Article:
The University of Michigan is one of the oldest western schools in point of football experience. Her most universal rival has been Chicago, although relations have long been maintained with Wisconsin and intermittently with Minnesota.

Such players as Baird, Ferbert, Henninger, Senter, Bloomingston, Bennett, Widman, McLean, Weeks, Snow, McGugin, Herrnstein and Heston have left bright records on the football tablets of the "Wolverines."

Coached in past years by graduates of several styles of play, Michigan has been since 1901 under the tutelage of F. H. Yost, under whom has been developed an offense generally described as shifting, men being drawn back frequently from the line for the purpose of attack. The ends are also frequently drawn into the backfield, their places being taken by the backs. A shifting interference, in which the point of attack is veiled, is also a feature of the Michigan play.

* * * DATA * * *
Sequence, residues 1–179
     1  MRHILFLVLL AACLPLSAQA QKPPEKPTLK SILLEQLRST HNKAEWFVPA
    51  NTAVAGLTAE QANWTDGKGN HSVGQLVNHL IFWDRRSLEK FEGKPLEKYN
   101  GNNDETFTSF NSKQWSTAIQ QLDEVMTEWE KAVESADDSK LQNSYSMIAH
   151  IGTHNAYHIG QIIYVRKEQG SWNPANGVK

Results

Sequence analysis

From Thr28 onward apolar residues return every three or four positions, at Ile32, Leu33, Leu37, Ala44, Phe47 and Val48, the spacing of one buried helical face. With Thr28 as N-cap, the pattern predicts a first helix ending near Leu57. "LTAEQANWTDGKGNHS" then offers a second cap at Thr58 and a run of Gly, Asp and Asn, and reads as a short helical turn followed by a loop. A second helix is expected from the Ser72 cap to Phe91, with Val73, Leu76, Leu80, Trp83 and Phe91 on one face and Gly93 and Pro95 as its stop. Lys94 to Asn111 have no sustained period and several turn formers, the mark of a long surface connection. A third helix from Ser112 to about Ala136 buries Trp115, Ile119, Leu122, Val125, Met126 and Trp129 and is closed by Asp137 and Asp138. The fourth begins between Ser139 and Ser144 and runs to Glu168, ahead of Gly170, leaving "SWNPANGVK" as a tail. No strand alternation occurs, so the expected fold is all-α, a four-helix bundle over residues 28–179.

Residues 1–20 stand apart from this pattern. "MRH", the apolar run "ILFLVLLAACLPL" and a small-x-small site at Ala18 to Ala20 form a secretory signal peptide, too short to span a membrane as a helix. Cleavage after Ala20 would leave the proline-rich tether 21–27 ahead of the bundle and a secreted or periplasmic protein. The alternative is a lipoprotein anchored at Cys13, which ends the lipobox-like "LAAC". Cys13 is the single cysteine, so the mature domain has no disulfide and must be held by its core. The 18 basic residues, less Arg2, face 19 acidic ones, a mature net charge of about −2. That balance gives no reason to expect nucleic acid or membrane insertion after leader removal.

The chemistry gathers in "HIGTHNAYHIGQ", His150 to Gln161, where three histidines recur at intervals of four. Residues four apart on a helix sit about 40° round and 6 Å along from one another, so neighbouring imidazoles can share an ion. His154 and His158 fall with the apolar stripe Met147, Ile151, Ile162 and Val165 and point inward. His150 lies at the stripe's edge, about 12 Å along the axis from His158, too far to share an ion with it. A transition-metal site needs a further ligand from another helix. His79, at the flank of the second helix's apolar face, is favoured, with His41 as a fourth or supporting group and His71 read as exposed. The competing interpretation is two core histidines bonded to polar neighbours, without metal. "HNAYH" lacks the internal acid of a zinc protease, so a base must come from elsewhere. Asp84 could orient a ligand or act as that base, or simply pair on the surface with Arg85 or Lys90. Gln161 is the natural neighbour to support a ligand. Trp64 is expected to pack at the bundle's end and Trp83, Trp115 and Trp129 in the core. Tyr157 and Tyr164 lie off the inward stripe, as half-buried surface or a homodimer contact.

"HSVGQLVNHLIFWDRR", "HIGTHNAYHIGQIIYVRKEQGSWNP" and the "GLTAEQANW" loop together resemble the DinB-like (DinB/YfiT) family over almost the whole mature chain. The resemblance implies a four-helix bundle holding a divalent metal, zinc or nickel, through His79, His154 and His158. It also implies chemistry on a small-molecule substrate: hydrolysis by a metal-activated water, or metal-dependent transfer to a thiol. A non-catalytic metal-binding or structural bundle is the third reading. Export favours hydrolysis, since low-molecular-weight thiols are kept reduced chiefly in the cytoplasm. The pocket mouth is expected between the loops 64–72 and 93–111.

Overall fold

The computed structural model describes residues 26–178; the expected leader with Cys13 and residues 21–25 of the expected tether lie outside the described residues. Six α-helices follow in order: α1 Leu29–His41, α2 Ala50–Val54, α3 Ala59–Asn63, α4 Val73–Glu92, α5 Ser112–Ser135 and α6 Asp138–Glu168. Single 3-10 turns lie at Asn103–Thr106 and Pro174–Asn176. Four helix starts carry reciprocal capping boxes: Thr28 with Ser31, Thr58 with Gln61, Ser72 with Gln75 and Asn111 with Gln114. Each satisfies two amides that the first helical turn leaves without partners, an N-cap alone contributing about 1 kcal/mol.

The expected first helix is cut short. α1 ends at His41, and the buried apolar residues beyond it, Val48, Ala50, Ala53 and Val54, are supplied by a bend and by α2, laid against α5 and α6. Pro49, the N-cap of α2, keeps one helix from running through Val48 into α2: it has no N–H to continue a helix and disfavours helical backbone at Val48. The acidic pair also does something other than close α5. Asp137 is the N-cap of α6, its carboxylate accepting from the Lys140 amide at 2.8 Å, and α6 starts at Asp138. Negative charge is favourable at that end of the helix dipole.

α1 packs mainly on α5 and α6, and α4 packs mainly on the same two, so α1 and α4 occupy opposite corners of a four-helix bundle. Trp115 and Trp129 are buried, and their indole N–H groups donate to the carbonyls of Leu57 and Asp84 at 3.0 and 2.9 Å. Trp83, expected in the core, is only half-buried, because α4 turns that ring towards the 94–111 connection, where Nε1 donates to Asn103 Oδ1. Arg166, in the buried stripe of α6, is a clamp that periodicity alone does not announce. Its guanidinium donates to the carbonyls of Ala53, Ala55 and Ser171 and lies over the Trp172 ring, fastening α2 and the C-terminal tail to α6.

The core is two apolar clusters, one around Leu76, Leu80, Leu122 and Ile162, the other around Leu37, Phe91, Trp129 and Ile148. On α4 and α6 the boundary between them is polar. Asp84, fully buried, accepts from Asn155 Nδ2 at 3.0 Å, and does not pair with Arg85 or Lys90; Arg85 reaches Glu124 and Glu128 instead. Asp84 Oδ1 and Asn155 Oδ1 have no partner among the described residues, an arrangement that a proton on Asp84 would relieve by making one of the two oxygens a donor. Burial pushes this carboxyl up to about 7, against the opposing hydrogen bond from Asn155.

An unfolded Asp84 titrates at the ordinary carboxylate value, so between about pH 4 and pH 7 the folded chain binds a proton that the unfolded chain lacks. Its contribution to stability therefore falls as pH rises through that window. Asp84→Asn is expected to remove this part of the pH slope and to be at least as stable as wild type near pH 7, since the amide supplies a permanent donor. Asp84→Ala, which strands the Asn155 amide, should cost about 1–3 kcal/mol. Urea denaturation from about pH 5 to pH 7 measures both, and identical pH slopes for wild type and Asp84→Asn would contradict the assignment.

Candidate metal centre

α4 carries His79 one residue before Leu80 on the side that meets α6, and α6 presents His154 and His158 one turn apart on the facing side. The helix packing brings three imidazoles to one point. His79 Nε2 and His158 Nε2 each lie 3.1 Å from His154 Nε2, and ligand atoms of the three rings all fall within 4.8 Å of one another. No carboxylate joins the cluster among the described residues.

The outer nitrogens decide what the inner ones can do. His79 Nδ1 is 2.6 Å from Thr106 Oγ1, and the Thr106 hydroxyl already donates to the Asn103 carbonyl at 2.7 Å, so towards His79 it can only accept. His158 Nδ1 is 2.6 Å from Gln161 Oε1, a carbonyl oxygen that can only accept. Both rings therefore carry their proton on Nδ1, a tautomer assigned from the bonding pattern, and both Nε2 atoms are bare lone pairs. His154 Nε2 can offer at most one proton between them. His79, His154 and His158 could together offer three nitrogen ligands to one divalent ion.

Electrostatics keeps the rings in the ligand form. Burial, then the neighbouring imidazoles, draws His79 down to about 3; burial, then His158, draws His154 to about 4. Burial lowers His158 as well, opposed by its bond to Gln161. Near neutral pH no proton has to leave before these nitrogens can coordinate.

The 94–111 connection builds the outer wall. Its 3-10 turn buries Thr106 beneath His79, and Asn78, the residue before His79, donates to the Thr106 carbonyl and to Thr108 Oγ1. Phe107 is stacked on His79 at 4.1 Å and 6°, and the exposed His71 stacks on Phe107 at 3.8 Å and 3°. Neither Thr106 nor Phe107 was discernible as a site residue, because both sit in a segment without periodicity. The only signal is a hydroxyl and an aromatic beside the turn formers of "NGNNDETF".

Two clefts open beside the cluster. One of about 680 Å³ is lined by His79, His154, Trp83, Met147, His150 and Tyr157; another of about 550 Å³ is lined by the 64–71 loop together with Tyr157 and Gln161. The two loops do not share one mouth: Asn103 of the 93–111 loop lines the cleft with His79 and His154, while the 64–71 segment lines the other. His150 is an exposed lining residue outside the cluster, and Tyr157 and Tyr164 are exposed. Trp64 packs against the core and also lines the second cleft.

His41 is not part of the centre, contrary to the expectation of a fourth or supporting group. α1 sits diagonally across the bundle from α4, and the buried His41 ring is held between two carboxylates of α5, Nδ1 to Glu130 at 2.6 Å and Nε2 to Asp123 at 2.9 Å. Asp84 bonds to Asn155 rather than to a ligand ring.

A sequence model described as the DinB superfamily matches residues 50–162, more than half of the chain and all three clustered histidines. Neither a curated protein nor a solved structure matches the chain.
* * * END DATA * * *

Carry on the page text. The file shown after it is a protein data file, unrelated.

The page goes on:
On defense the Michigan teams adapt their tactics to best meet the attack of their opponents, sometimes leaving three men in the secondary line of defense, sometimes two. Generally considered, it might be termed shifting, like the offense.

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